Do you like India?’ and ‘Do you enjoy your time there?’ are questions that are easy to respond with just a single word: Yes!
Instead of that, ‘Do you feel homesick?’ or ‘How does it feel to live abroad?’ are questions that are pretty hard to answer.
India has a great influence on the way I feel. Most of the times I have a great feeling, I love traveling, meeting new interesting persons and seeing something new wherever I go.
But there are also times when I don’t feel that well. It is not just that it is sometimes hard to face challenges, but it is the way I feel when I walk through streets. There are people who seem familiar to me, people who are smiling at me, but for sure there is always something new to discover. On days I am not feeling comfortable in my skin, I cannot ignore the feeling that people are staring at me and judging me. Even if I am sure that they are not mean and that this is not meant to be discriminating, it feels like that sometimes.
I am aware of the fact that I don’t always feel great if I am in the city where I’ve grown up either, but people there seem to accept me as I am, are used to seeing faces like mine and are just bored of judging. Even if I have days where I feel honoured to be such an attraction, it makes me kind of sad that I will always be a foreigner and a stranger to most of the people here. That’s human nature.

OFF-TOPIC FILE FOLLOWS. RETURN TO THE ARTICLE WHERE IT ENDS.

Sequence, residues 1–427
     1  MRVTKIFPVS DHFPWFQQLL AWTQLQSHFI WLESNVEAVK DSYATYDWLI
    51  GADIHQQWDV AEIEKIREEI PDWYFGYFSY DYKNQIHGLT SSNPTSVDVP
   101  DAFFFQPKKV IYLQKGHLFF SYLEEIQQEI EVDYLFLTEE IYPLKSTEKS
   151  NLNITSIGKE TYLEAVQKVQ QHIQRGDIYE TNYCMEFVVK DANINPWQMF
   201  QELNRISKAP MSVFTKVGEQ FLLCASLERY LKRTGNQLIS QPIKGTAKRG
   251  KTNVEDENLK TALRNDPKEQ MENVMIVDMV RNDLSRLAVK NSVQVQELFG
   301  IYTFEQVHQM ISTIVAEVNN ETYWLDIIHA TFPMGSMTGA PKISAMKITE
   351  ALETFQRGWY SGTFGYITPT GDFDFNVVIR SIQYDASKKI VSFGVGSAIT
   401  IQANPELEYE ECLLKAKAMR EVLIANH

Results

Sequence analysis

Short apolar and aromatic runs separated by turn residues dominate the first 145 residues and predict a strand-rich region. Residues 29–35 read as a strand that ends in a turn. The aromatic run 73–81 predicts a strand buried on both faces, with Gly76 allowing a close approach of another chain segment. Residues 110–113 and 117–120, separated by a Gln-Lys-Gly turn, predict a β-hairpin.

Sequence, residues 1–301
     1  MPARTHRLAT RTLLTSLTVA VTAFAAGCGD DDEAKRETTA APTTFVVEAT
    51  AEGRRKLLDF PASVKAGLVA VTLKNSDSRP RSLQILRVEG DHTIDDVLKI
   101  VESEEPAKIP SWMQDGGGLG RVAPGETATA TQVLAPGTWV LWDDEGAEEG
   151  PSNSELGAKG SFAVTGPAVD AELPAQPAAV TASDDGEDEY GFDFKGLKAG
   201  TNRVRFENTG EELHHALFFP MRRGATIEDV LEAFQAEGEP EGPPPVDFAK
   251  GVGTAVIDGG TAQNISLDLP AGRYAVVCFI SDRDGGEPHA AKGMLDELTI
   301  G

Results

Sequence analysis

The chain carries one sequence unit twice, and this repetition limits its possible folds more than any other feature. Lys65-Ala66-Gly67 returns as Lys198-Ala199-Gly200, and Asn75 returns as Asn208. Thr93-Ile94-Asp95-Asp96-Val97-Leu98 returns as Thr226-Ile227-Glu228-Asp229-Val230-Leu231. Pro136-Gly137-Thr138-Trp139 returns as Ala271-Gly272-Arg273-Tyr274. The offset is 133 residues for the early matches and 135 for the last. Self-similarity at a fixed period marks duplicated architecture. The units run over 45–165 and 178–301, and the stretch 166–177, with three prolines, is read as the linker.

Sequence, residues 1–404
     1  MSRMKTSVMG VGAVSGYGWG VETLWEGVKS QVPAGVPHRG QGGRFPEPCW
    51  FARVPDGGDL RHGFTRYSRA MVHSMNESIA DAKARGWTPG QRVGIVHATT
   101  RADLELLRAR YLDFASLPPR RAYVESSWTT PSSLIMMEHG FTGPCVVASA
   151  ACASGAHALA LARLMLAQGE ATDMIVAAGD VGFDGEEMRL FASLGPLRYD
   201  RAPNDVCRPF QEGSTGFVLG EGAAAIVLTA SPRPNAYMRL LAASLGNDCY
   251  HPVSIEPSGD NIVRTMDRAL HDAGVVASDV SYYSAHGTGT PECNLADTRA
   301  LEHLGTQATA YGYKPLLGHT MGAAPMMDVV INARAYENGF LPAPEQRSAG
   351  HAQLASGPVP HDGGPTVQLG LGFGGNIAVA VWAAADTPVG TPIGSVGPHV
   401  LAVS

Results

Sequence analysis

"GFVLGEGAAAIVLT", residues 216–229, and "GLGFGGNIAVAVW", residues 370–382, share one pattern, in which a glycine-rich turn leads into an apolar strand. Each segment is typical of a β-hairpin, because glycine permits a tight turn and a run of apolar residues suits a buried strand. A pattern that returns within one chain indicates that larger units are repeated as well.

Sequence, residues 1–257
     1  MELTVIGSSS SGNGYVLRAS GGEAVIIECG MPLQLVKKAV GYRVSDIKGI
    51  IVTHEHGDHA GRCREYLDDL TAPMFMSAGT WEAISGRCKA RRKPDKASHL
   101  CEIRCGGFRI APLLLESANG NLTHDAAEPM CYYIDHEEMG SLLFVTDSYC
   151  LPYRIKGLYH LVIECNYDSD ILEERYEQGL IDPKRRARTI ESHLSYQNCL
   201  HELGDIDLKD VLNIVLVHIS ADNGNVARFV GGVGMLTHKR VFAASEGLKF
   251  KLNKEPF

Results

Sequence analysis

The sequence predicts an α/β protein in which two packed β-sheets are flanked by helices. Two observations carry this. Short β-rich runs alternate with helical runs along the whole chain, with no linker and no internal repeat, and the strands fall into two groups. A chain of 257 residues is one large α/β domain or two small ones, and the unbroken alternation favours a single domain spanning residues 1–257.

Dealing with problems might be a greater challenge here than it would be at home. Asking myself if I have the right to complain while I am surrounded by people who are suffering from ‘real’ problems, can feel depressing and frustrating. If it comes to small problems here, they often seem hard to be solved and the reason for this is that I don’t have my family, my friends and my social background behind me.
I learned to face challenges on my own and even if I talk to other volunteers or my FSL-India coordinator and feel to be understood by them, it is and always will be a great personal challenge to accept behaviors, to adapt to situations and conditions and still to feel relaxed. I’ve also learned to be thankful, to appreciate things that seemed natural to me.
Knowing that I have a home here, too and that I enjoy the time when I am teaching in school (Niveditha High School, Basrur) and traveling on weekends and holidays gives me motivation. Furthermore, I am surrounded by people I like. My family and project partner Pia, my host family, neighbors, other volunteers, people we met during travel time, people smiling at me while I walk through streets and so many more. It is the openness and kindness of people what feels best.
All in all, I like to conclude that India is great, the mentality of Indians is enviable and India is the perfect place to find myself.